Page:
There were three stages of research. Firstly, face-to-face and telephone depth interviews were carried out with 11 stakeholders - respondents with a special interest in the ethnicity of the Scottish population. Secondly, face-to-face paired depth interviews were carried out with 12 data users. These interviews investigated the ways in which data users collect and use ethnicity data, and their reasons for doing so. Thirdly, face-to-face depth interviews and mini focus groups were held with 39 data providers. This research stage asked members of the public to discuss how they define themselves ethnically, why and when they might define themselves differently, and their views on how ethnicity is classified in the Census. Research was carried out at locations across Scotland.
The Views of Stakeholders
- Stakeholders thought that existing Census data on ethnicity might be better used than it is at present, for instance, to improve access to public services. For example, they called for more detailed, local and up-to-date data to be made available as a supplement to Census data. There was a desire for larger bodies to share data on ethnicity with smaller agencies.
- They expressed a need to connect data from the Census with other sources, so that ethnicity could be linked to other variables like language and religion.
- The ethnic classifications currently used in the Census were described as confusing, inconsistent and inaccurate. They were considered to hide the real diversities within Scotland and prevent people making their ethnicities or 'Scottish-ness' explicit if they so wished. The classifications did little to promote community cohesion and minority ethnic groups were effectively marginalised.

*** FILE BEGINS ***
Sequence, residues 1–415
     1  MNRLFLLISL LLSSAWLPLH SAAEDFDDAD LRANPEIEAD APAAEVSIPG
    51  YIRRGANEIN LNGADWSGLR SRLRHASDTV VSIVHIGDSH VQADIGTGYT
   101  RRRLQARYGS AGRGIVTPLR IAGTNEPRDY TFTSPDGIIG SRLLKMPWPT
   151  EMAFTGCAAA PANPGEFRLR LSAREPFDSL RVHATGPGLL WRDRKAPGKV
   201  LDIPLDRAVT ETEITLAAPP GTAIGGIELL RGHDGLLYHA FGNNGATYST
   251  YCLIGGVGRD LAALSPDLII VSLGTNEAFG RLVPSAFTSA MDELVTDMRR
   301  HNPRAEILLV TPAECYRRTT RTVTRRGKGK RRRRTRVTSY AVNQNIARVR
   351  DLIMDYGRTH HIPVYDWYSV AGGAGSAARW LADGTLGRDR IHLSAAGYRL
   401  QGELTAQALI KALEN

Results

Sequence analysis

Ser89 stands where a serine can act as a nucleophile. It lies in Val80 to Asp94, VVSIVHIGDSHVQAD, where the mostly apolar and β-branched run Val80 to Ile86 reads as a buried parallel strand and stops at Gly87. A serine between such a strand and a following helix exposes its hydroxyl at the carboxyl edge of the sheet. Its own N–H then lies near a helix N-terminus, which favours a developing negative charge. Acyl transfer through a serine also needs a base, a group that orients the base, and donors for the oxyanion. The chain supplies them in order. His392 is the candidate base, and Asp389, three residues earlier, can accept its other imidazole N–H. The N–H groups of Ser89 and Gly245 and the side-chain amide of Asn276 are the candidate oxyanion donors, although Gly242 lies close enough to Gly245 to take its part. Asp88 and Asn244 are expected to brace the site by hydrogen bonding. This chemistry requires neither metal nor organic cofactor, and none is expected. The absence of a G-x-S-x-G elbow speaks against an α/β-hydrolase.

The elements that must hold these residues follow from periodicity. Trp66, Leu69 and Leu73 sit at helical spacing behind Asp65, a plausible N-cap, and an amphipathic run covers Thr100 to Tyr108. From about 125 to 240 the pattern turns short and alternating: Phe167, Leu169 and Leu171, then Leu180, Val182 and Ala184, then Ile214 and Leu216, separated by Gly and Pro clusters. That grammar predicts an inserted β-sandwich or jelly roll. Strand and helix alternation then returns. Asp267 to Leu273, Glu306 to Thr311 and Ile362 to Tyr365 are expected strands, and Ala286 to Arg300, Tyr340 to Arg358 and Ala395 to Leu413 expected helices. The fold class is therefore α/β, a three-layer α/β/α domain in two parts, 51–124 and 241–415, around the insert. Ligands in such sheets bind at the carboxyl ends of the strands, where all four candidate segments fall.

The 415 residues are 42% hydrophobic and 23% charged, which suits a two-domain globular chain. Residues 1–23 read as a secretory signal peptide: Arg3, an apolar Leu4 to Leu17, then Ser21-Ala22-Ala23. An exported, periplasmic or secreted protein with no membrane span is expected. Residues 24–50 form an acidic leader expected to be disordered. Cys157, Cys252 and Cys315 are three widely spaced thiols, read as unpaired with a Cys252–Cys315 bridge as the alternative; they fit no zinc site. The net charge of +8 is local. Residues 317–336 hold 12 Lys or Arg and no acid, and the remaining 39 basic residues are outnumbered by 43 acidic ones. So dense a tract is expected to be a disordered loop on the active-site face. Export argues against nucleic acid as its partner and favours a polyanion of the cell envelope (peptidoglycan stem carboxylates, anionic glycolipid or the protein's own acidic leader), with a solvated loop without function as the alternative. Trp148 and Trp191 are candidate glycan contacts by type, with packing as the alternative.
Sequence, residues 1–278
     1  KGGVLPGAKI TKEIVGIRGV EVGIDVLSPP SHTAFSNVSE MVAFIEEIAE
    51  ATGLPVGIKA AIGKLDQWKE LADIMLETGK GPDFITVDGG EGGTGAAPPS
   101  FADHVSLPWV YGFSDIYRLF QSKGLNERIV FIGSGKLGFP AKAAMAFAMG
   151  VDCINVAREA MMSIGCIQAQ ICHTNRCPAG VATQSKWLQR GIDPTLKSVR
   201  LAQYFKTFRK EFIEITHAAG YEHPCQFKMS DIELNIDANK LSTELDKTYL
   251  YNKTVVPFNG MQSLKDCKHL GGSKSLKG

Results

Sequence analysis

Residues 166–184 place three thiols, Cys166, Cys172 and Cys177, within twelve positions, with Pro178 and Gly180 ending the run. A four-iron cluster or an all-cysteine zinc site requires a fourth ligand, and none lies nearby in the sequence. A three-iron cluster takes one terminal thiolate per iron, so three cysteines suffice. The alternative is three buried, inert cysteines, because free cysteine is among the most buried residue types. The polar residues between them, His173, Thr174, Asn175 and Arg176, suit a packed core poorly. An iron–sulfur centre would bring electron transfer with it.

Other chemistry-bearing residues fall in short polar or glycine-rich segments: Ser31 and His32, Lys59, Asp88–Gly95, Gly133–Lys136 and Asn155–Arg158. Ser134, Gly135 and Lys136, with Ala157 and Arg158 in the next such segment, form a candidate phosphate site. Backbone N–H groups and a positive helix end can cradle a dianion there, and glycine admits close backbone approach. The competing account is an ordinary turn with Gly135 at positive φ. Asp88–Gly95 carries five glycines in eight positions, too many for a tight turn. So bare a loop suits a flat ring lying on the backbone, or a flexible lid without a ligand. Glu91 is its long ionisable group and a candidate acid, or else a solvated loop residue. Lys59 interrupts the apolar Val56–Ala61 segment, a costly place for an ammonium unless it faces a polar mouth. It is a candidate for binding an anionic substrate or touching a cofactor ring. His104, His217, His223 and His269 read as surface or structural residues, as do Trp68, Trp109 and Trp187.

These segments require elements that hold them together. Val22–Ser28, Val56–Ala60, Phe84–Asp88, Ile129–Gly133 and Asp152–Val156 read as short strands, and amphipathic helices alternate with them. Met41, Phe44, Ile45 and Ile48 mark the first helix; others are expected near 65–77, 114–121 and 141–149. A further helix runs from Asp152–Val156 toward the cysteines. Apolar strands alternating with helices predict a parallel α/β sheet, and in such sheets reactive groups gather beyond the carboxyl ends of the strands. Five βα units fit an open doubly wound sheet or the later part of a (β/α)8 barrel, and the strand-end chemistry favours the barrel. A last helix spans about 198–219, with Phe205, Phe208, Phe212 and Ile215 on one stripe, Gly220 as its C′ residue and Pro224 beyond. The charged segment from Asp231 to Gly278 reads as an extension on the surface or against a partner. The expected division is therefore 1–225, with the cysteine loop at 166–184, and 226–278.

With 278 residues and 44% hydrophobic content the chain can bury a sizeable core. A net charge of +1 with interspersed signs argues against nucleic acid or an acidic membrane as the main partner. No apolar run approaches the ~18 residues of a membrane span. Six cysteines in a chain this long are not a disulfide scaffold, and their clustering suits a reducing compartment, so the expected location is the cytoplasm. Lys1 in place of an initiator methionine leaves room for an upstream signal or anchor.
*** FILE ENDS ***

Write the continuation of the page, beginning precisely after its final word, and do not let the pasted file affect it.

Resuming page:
- Concerns were expressed over the 'other' category in the Census. This was imagined to encompass a very wide range of ethnicities and to relegate new ethnic communities. It was also believed that data collected in this category was not being fully used to refine future classifications or address needs.
- Stakeholders suggested that that the Census should include a section on language used beyond Gaelic, particularly to include community languages. It was felt that differences between the descriptions of identity of older and younger people from minority ethnic groups could be better accounted for.
- Stakeholders advised that the concept of colour linked with ethnicity or nationality be removed. They viewed the crude dichotomy of White/Black as unacceptable, and advised that those working on the Census might wish to explore the inclusion of a question on colour in its own right.
- In relation to ethnicities, they suggested that broad regional categories such as European, Asian and African could be used. When linked with additional questions, this would allow multiple identities to be expressed and diversity within the existing 'white' category to be unpacked.
- Stakeholders agreed that Scotland needed to have its own national ethnicity statistics, but that these should be comparable with data from elsewhere in the UK.
The Views of Data Users
- Data users described various ways in which they used ethnicity data which included compliance with legislation; monitoring for discrimination; devising policies to promote equal opportunities; tailoring services; raising awareness; targeting resources and responding to requests from other organisations.
- Confidentiality of data providers was of key importance, but if this was assured, there was nothing to suggest that data users would be averse to sharing data.